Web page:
Before I review My Little Bride, I should make a small confession: James Yuen’s My Wife is 18 is a guilty pleasure of mine. The 2002 film’s story of an arranged marriage between a thirty-year-old man (Ekin Cheng) and an eighteen-year-old schoolgirl (Charlene Choi) probably shouldn’t work at all, but the film somehow defies the already lowered expectations of its cradle-robbing premise to become something more amusing, not to mention involving, than it has any right to be. Believe it or not, the entire film actually hinges on Ekin Cheng’s performance. Had he not imbued his character with a sense of amiable, dopey dignity, then the film (itself already built on a flimsy, slightly hard to swallow premise) would fall apart the moment his character came off looking like some sort of a horndog lecher.
With all that said, it seems obvious, then, that My Little Bride, the 2004 Korean remake (!) of My Wife is 18 would have to utilize the same sort of approach in regard to the characterization of its male protagonist, laying a lot of responsibility for the film’s success on the performance of lead actor Kim Rae-Won. Is he up to the challenge? Even after seeing the film, I can’t really answer that question, but it seems clear to me that the filmmakers were definitely not.
Plot-wise, My Little Bride is essentially the same as its Hong Kong predecessor, albeit with a more Korean flavor. Due to a pact that their grandparents made during the Korean War (not to mention the inclusion of a deathbed “final wish”), high school student Bo-Eun (Moon Geun-Young) and womanizing college student Sang-Min (Kim Rae-Won) are forced into an arranged marriage. Despite being childhood friends, the two don’t seem to like each other much anymore, so when they finally agree to accept this ridiculous arrangement, they do so with the proviso that each can lead his or her own life.
As such, Bo-Eun starts dating a handsome, more age-appropriate baseball player she’d already had a crush on prior to her marriage, while Sang-Min simply continues his swinging single life. Somewhere in this mess the audience is supposed to believe that these two will and should fall in love. By the tone in that last sentence, you can probably determine how convincing the film was. From its gimmicky concept to its oh-so tired “We hate each other - no, wait, we’re perfect for each other!” plot structure, My Little Bride is almost insulting in how blandly formulaic it is.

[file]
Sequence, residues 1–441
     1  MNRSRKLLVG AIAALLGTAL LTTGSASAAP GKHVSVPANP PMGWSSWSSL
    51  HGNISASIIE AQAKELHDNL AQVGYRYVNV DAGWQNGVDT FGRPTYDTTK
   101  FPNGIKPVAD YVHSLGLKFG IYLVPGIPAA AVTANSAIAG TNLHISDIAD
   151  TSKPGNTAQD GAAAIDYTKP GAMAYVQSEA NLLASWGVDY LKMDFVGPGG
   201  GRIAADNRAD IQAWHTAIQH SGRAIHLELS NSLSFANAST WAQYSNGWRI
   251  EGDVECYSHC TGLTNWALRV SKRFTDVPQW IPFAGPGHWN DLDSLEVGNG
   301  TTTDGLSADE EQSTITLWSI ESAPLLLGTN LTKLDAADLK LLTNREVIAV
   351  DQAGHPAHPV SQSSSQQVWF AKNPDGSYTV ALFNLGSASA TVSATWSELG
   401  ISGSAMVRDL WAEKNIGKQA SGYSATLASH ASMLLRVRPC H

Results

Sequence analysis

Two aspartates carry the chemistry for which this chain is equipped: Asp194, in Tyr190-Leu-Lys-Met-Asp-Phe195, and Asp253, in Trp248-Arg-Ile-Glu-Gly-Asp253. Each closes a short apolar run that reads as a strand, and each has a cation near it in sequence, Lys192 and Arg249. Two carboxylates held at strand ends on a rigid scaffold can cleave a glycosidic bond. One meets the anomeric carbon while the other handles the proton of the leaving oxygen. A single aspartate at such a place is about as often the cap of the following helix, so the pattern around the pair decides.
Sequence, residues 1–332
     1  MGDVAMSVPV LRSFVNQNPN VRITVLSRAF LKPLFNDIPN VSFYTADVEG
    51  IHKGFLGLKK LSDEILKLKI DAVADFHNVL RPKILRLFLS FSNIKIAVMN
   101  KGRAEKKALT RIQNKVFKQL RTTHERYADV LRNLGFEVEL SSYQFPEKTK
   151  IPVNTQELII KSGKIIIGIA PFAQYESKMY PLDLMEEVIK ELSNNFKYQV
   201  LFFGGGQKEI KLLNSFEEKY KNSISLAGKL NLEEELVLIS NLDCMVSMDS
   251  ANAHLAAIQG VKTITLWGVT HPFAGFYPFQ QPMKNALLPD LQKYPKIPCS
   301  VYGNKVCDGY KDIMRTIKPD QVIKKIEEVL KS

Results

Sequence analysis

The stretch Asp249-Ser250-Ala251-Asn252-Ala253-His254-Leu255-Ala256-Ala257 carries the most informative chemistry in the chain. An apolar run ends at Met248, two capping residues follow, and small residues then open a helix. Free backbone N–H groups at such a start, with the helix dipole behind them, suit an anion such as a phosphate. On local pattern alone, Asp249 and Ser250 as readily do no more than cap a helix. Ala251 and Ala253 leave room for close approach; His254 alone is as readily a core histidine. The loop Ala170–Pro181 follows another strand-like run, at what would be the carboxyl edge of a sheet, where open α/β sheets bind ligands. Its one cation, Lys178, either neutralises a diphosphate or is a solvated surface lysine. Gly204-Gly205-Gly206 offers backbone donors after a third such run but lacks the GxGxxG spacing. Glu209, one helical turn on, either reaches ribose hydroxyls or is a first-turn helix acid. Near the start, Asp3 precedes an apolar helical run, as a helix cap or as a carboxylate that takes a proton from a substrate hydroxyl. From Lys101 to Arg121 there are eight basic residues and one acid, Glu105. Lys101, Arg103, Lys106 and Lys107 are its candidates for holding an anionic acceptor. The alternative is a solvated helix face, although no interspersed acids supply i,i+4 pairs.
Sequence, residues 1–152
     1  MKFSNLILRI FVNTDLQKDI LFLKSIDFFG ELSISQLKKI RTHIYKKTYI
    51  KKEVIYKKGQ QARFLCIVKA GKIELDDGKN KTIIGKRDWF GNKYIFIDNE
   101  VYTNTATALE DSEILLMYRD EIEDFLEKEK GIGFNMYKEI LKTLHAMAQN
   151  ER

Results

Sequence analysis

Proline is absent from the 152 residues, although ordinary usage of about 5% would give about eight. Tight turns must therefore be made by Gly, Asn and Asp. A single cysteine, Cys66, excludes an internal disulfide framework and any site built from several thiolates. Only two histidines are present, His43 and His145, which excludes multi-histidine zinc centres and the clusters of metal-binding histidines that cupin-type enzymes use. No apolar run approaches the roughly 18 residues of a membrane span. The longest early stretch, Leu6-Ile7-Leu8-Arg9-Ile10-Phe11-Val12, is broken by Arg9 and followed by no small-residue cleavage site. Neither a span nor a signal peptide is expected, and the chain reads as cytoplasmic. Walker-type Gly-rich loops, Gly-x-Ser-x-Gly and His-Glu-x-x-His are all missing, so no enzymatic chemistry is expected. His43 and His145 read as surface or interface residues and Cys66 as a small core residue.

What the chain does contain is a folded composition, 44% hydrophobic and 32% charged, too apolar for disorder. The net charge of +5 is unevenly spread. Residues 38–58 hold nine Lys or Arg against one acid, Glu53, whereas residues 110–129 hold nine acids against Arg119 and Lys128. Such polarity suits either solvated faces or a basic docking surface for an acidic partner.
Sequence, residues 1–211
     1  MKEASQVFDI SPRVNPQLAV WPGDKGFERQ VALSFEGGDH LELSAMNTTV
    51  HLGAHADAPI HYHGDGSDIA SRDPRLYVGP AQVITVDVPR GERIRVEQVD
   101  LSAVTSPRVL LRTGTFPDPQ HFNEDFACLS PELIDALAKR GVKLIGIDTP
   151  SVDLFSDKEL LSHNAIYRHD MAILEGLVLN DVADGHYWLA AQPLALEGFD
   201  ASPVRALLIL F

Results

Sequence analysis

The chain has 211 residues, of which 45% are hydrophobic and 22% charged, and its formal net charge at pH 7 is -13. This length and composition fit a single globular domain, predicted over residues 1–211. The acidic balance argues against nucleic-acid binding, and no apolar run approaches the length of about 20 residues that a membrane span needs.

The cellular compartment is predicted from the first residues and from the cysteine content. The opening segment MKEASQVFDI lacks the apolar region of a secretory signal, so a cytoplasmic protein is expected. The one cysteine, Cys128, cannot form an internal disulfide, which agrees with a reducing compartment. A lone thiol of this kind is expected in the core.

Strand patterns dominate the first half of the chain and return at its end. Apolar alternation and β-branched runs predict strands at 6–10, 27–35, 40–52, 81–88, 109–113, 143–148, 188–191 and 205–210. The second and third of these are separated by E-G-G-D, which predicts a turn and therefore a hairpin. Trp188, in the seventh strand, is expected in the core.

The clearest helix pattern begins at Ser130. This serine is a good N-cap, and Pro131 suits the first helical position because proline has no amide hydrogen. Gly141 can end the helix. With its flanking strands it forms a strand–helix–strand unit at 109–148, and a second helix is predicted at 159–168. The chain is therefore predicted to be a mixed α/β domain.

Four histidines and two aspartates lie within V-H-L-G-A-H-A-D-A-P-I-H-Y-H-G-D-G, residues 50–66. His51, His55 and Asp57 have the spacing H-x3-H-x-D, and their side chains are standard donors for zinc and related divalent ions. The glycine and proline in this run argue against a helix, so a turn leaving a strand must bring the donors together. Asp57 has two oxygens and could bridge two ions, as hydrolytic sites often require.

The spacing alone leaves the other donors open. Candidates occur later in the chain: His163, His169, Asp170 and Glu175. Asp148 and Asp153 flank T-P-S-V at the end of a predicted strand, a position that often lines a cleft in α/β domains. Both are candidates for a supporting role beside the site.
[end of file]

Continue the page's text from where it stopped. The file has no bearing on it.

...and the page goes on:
The filmmakers do try some different things in their remake. Unlike the twelve-year age gap of My Wife is 18, the age difference in My Little Bride has been adjusted to eight years for Bo-Eun and Sang Min. However, the film isn’t as well-served by the increased closeness in age, with two problems becoming apparent. First of all, Moon Geun-Young looks and acts like she’s twelve. She’s cute in the role and it’s easy to see why she’d have her fair share of fans after her performance in the film, but her adolescent cutesiness doesn’t actually help viewers accept the film’s contrived and unconventional “May/December romance" (for lack of a better term). Of course, many romantic seem unbelievably sexless, as if such events as “falling in love” and “getting married” have no erotic or physical component whatsoever. However, Moon Geun-Young’s prepubescent-skewed performance and physicality brings those issues to light in complicated, often uncomfortable ways.
Still, purely “cute” romantic comedies can work, depending on how the onscreen relationship is portrayed, a fact which brings us to the film’s second and much bigger problem: Sang-Min is an juvenile, annoying rake and also a bit of a creep. Considering Bo-Eun’s physical and psychological immaturity and Sang-Min’s even more pronounced mental immaturity and lothario sleaziness, I’m not exactly sure why the audience should be rooting for this couple to get together. That is, aside from the fact that that’s precisely where the narrative momentum is taking us.
For example, during one stretch of the film, Sang-Min attempts to take advantage of his position as Bo-Eun’s husband, trying his best to sleep with his wife despite not even seeming to like her. He even goes so far as to pull down his boxers to “show her the goods.” I suppose this sequence is all meant in good fun, but Sang-Min’s utter churlishness in these and other scenes turned out to be more than a little uncomfortable to watch. Even worse, he doesn’t really undergo a believable transformation, further undermining the film’s need for “these two crazy kids to get together” by the final reel.
The critical reception towards My Little Bride seems to rate the film as a cute, fluffy comedy on par with perennial Korean favorite, My Sassy Girl. But I would submit that a more sober look at the film, now several years removed from the excitement of the Korean cinema boom, would demonstrate that it’s a largely flawed film, one that doesn’t really overcome its contrived premise. This occurs in large part due to My Little Bride’s inability to give the audience a relationship it should actually root for. It’s never good when “happily ever after” leaves you feeling more than a little creeped out. Man, I never thought I’d miss Ekin Cheng so much. (Calvin McMillin, 2009)